At night, he fishes over shallower grounds, usually 1,000 to 1,200 feet, setting baits from the surface to as deep as 250 on bright nights or 350 on dark nights. “Watch for the thermocline,” he advises, “and put bait just above, below and on it.
“Swordfish often bite gingerly, particularly in the daytime. You’ve got to be really determined,” he says. “The whole time a rod is out deep, we never take our eyes off the tip. Too many guys wait for the rod to really bend; we like to see it twitch, then start taunting the fish by reeling to move the bait away.”
He also advises keeping some baits right on the bottom. “I like to drag a bait through the mud and cause a commotion.”
Swordfish are opportunistic diners, and Holden has learned be an opportunistic angler, offering Gulf swords a variety of live baits including hardtails (blue runners), mullet, rainbow runners, tinker mackerel (his favorite livey; catch ’em while they swim within bright boat lights at night over seamounts). Baits as large as bonitos (little tunnies) weighing two or three pounds sometimes produce also.
His offerings generally include fresh, dead baits as well, with squid a top choice. “We buy the large squid at the Chinese market (rather than at bait stores) — $1.25 to $1.75 a pound in 60-pound flats. They run one to two pounds apiece. That’s been a secret of ours, but one I don’t mind letting out,” Holden says. “Baitmasters four-packs of medium swordfish squid are great for night fishing,” Holden adds, though they’re likely to run a bit small for daytime swords — and “the bigger the squid, the better.”
While squid’s a great go-to bait, “for daytime, I’d say my favorite is a split — butterfly-cut — mullet or Spanish mackerel about a foot long. But we’ve caught plenty on strip baits, such as tuna bellies or wahoo bellies behind a skirt,” says Holden. “We do a lot of stitching and sewing on our daytime baits to keep ’em together while swords are beating on ’em 1,700 feet down.”
Upbeat on Upwellings**
As far as where to fish, Booby Trap generally fishes 75 to 125 miles out: “Anywhere along the 300-fathom curve off the Texas coast is prime swordfish country,” he says. A good suggestion for starters — “the Hilltops,” an area of irregular bottom about 80 miles out of Freeport. Holden suggests finding that spot and others on Hilton Charts (hiltonoffshore.com).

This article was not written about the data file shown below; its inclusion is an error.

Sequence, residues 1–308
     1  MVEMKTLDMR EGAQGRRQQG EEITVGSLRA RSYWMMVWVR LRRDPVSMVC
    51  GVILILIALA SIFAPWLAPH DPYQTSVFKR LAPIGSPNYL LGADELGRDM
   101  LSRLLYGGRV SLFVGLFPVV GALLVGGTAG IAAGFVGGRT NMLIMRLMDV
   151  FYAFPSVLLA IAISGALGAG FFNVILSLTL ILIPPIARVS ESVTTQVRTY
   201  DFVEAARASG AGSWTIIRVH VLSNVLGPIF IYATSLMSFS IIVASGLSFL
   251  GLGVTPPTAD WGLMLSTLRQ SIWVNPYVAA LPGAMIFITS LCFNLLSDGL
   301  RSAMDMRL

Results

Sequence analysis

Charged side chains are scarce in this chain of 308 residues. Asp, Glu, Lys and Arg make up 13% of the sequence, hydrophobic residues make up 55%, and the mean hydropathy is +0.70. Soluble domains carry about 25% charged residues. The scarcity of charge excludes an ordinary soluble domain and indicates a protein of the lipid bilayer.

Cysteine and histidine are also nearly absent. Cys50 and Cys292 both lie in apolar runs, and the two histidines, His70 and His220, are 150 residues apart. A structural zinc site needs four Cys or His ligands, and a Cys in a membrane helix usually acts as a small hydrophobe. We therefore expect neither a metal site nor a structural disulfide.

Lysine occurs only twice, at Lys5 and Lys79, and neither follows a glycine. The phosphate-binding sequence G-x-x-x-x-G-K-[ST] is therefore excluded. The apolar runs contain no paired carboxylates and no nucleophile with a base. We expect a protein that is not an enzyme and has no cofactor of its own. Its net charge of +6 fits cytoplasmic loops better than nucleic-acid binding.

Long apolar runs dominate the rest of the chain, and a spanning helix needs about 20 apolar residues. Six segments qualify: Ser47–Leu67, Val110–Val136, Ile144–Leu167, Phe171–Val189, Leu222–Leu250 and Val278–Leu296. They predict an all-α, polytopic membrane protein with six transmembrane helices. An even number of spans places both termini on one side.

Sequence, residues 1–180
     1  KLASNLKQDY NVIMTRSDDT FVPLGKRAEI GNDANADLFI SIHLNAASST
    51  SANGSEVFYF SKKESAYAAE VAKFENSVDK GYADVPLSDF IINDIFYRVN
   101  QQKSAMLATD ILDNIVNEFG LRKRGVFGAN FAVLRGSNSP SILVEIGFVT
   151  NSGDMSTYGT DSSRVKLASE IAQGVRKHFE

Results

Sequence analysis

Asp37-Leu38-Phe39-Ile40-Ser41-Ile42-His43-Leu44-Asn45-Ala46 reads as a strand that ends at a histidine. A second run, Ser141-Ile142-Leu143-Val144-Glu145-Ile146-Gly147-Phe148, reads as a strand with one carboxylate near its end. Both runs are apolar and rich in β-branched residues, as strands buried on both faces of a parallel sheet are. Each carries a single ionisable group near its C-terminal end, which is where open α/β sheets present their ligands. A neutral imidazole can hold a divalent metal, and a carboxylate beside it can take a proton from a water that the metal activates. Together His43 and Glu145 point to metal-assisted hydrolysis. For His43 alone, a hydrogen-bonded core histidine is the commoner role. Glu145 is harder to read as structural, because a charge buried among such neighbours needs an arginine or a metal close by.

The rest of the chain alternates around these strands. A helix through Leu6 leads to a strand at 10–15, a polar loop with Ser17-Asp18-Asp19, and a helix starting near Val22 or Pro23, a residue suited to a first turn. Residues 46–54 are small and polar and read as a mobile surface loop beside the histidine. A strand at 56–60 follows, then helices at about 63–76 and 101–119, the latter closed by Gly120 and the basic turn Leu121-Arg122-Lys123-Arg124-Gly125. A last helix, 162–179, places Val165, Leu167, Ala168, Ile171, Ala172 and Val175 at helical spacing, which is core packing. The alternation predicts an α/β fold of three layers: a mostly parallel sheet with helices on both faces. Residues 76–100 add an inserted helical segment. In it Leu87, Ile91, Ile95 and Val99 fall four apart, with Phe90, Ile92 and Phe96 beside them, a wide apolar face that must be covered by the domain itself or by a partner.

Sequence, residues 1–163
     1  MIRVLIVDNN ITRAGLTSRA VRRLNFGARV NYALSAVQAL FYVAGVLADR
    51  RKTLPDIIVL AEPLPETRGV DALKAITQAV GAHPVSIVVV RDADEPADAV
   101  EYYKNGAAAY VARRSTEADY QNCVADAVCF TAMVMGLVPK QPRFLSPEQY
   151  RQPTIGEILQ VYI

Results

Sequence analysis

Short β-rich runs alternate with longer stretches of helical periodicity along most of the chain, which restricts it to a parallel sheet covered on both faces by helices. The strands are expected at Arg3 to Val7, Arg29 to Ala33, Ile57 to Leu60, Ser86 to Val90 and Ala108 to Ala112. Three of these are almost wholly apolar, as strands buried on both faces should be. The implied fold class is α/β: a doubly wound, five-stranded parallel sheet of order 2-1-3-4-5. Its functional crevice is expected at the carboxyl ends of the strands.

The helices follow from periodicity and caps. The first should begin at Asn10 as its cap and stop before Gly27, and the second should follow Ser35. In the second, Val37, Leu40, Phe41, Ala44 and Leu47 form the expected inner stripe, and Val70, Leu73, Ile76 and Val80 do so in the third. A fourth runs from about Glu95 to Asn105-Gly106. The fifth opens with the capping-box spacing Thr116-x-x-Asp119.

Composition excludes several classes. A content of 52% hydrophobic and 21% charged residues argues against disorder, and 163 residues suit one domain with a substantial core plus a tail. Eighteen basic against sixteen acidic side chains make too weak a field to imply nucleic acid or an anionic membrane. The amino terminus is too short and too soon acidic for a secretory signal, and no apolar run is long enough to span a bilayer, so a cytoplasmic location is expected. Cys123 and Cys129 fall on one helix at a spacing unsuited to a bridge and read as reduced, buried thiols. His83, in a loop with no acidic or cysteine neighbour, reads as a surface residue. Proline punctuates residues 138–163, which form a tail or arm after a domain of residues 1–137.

More general advice: “Fish the upwellings” around structure. “Watch for thermoclines where, for example, it might make a weird jump on the screen from 200 to 170 feet or the like,” Holden says. “Stay where you see the thermocline go up or down.” If it’s at night, look over in the lights— you’ll see all kinds of weird stuff like jellyfish and strange critters — and that’s where we tend to get multiple bites.” And that’s the sort of place to leave out a line or two even (or especially) after a sword is hooked, rather than clear lines quickly as many crews do. “We get a lot of doubles that way,” says Holden.
When it comes to the when of Texas swordfishing, Holden says, “We’ve caught swords every month of the year,” but hastens to point out that the long run makes getting out much of the year iffy and often a spur-of-the-moment opportunity. Planning trips — especially multiday adventures (Booby Trap normally stays out two to FIVE days, fishing mostly nonstop) — makes more sense from about mid-May through September (barring tropical-weather systems).
Holden definitely plans his offshore sword trips by the moon. The front side of a waxing moon is always preferable, with the real peak the three days prior to full, according to years’ worth of Booby Trap logs. “Just after the full moon, the fish seem more finicky,” he adds.
Trolling by Moonlight**
Booby Trap uses both electric and manual reels for swords. While prospecting deep for broadbill by day, the crew will rely on electrics. “Once we’ve found the fish, we like to go to conventional (manual) reels,” says Holden.
Holden’s definitely a believer in lights. He particularly likes to put over a 12- or 24-volt, 33-inch swordlight (swordlights.com) in blue or green with a 30-foot cord. “It makes a really big ring of light and attracts all kinds of bait to the boat,” he says. Louisiana fishing writer Will Smith says he had never seen such hordes of squid offshore at night as off Texas, on Booby Trap.
Their team uses light sticks on lines at night liberally — including when slow trolling. “Yes, we have caught swords at night, trolling. It definitely works.” If the sargassum isn’t too bad, they’ll put out a bait on a downrigger, set at 150 to 300 feet, with 200 optimal. “Put the light stick 15 to 20 feet in front of the bait and troll at 2 or 3 knots. It’s a great way to find fish, especially if it’s a slow night, because you can cover a lot of ground.” Holden prefers double-hook rigs for nocturnal trolling.
A few years ago, this feature wouldn’t have been possible because no one really had so much insight into how to catch Texas swordfish. A couple of years ago, it wouldn’t have been possible because the best source of that information had no interest in sharing it. “We were very secretive about our information,” says Holden. “But now, I’m really into watching the sport grow: It’s a blast seeing people getting into it!”
Some evidence to prove that: Last spring, the Booby Trap team conducted a local seminar at Surfside (Texas) Marina on swordfishing (with all proceeds going to Everyday Heroes, a disabled-veterans organization). Event planners figured on 100 interested anglers showing up; in fact, 500 attended the seminar. The presenters’ reputation also had crowd appeal: Booby Trap has been named the top boat for the state four years in a row by the Houston Big Game Fishing Club. Holden, who organized the event, is already planning the second annual for March 2012, and promises it will be both bigger and better. For more information, visit www.boobytrapfishingteam.com.